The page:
Medicaid Agency Must Hold Hearing on Nursing Home's Standing to Challenge Resident's Eligibility Determination

A New Jersey appeals court rules that a Medicaid agency cannot refuse a hearing on Medicaid eligibility to a nursing home that was the designated representative of an applicant who died before the agency decided on his application. J.G. v. Division of Medical Assistance and Health Services (N.J. Super. Ct., App. Div., No. A-3643-17T4, May 13, 2019).

J.G. entered a nursing home and named the facility as his designated authorized representative. The nursing home applied for Medicaid on J.G.’s behalf, but he died before the Medicaid agency rendered a decision. The agency denied his application, concluding that he was ineligible because he died before a determination could be made.

The nursing home requested a hearing, but the Medicaid agency denied the request, arguing that J.G.'s estate needed to authorize a representative. The nursing home appealed on behalf of J.G.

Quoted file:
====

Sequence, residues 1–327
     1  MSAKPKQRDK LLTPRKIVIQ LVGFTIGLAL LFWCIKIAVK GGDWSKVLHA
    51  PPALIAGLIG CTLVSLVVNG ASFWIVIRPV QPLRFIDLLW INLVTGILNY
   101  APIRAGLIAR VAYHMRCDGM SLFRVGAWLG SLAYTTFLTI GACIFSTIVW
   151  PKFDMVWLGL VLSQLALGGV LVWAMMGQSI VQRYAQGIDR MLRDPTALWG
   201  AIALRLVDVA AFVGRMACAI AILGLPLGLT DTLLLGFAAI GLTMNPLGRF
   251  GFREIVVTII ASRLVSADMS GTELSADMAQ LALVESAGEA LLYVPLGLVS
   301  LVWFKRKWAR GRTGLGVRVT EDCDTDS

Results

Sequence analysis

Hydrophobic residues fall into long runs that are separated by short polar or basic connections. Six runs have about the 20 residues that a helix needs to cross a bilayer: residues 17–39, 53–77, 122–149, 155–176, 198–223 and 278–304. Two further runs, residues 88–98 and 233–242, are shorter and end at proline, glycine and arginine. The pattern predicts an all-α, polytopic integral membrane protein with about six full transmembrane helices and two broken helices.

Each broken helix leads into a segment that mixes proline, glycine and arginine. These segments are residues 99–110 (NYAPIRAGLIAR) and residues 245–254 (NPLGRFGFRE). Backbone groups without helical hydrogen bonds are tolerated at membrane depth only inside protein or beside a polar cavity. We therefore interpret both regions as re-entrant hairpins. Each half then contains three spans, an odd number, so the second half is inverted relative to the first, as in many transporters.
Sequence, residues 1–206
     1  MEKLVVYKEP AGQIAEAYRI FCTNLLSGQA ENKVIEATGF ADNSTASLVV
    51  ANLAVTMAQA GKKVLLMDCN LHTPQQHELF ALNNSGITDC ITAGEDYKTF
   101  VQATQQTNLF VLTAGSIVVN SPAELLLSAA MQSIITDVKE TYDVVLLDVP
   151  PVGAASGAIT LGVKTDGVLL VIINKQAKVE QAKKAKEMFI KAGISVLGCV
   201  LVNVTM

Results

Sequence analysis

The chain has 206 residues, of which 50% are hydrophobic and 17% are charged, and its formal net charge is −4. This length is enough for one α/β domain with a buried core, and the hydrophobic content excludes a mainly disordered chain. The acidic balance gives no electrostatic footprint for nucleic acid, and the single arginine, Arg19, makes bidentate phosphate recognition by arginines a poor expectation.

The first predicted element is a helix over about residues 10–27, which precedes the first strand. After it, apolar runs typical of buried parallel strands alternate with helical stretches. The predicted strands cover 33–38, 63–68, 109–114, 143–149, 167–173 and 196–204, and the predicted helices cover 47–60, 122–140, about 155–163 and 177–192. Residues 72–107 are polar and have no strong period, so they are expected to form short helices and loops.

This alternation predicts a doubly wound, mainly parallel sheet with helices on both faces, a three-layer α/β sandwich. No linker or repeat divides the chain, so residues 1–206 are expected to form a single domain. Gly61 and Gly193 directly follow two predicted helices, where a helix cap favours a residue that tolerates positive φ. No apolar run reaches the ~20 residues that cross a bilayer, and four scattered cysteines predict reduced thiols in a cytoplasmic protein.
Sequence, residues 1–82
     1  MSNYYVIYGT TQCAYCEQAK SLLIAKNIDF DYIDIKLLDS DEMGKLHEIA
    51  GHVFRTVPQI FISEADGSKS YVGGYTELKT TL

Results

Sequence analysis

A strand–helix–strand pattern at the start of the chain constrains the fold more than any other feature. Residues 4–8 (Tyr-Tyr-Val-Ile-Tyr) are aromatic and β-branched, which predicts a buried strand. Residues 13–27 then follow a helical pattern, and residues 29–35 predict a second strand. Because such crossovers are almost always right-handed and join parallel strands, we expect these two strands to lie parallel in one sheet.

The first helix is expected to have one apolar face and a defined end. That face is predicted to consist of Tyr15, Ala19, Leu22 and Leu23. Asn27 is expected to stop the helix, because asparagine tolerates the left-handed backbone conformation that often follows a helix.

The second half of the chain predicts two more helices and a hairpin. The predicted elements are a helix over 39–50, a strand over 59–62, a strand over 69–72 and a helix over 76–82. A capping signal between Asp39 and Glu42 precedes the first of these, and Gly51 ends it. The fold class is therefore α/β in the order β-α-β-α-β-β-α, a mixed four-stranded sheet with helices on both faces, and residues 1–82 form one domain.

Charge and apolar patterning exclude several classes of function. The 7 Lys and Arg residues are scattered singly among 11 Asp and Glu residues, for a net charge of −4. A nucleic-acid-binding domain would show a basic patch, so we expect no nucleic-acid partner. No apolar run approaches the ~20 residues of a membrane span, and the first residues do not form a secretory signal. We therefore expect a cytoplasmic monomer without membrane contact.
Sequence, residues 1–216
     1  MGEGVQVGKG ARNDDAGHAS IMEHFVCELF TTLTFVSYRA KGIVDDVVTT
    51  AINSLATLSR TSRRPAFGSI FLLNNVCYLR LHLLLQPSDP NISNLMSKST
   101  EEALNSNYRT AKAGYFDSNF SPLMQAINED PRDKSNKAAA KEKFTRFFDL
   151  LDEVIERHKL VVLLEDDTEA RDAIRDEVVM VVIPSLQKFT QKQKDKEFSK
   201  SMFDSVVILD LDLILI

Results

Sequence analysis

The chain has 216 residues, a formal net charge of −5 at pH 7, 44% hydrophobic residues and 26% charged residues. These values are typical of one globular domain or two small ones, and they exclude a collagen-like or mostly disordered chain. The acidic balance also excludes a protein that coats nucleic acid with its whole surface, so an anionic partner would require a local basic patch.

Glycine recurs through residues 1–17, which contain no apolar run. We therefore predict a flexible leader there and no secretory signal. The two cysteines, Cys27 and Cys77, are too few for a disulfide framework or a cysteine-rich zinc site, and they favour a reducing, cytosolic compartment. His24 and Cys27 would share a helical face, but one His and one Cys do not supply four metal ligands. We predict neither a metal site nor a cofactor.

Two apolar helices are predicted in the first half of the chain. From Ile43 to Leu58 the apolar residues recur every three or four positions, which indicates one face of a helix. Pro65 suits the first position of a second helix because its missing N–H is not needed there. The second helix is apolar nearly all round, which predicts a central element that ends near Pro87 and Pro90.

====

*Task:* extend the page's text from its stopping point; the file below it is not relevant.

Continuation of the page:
The New Jersey Superior Court, Appellate Division, remands the case to the Medicaid agency to determine if the nursing home has standing to bring the case on J.G.'s behalf. The court rules that a hearing will allow the Medicaid agency to determine if the nursing home has standing and if not, whether the estate can identify a new representative.

For the full text of this decision, go to:

Did you know that the ElderLawAnswers database now contains summaries of more than 2,000 fully searchable elder law decisions dating back to 1993? To search the database, click here.